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When people think about their health, they often neglect the tongue. However, your tongue can give you great insight into your overall level of health and what health problems you may be facing. If you want to find out what’s really going on inside your body, grab a mirror, stick out your tongue, and let’s find out more.
Why Your Tongue Tells You Everything You Need to Know About Your Health
Your tongue is like the gateway to your body. Everything you eat stops by your tongue on the way. In addition, the tongue is extremely porous and poised, making it the perfect growing place for bacteria. If there is something wrong in your body, it should come as no surprise that it shows up on your tongue first.
What to Look For
There are many different signs of tongue health to look for. While you’re looking, keep these aspects of your tongue appearance in mind:
Ideally, your tongue should be pink and covered with papillae. It should also be fairly wet; a dry tongue is often a serious sign of dehydration. If your tongue deviates from this description, keep reading to find out what the issue might be.
- A tongue that is red instead of pink: A red tongue may be caused by a vitamin deficiency, particularly folic acid or vitamin B12. Kawasaki disease and scarlet fever can also lead to a red tongue, particularly if there are other signs of ill health in your body.
- A white tongue or a tongue with white spots: This may be one of the most common signs that something isn’t quite right in your body. A white tongue is most often caused by oral thrush, a yeast infection that may not resolve on its own. A trip to the dentist can show you whether or not antibiotics are necessary.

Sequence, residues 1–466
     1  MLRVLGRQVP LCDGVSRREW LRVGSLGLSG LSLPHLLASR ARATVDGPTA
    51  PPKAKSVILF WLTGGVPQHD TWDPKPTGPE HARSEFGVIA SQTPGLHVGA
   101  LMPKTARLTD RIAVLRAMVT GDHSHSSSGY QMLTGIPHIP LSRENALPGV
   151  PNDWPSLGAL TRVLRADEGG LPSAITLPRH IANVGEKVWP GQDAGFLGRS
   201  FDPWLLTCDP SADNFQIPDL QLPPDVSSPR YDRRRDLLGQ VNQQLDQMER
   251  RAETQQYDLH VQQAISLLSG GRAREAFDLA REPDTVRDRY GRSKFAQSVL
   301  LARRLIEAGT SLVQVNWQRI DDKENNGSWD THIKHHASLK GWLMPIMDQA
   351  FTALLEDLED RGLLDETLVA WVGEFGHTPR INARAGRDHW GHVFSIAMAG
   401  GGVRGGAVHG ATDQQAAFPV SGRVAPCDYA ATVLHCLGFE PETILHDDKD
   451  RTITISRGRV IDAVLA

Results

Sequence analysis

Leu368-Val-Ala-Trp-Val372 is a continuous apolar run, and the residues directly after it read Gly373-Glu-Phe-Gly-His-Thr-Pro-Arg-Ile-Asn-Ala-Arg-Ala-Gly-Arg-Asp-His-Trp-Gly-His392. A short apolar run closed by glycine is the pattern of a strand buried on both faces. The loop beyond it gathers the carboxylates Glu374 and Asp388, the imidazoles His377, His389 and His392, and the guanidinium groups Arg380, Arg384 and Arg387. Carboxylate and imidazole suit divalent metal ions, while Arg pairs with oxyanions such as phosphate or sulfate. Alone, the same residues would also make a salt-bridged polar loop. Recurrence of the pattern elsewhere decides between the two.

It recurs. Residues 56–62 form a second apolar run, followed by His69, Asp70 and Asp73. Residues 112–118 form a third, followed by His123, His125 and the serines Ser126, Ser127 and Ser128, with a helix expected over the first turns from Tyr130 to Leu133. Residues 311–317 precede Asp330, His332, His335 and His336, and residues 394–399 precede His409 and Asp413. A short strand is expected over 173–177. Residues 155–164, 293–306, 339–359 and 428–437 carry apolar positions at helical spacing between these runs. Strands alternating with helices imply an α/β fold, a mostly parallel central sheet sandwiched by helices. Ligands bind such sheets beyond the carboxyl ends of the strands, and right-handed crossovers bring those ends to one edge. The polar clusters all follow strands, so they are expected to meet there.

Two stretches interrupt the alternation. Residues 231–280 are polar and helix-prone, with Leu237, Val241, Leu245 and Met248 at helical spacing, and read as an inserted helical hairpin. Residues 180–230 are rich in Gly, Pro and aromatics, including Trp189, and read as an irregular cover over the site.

- A hairy, black tongue: It can be alarming to open your mouth and see something that looks like hair on your tongue. However, it is unlikely that there is actual hair on your tongue. As the papillae on your tongue grow, they may grow taller and bumpier. When this happens, they are more likely to catch bacteria. If this happens, the bacteria can grow and cause black bumps in your mouth. This may be resolved by tongue scraping or more careful oral hygiene.
- Bumpy, swollen tongue: Pain or swelling on your tongue can be indicative of a number of conditions. Canker sores are fairly common and they tend to resolve on their own. Smoking or oral cancer may also cause tongue pain.
In some cases, an unhealthy tongue indicates that you need to change your lifestyle. For example, if you have frequent canker sores, you may have too much acid or fat in your diet. If you are prone to oral thrush, your diet may be heavy in sugar and simple carbs.
To keep up on your oral health, it is recommended that you check out your tongue at least once a day when you brush your teeth.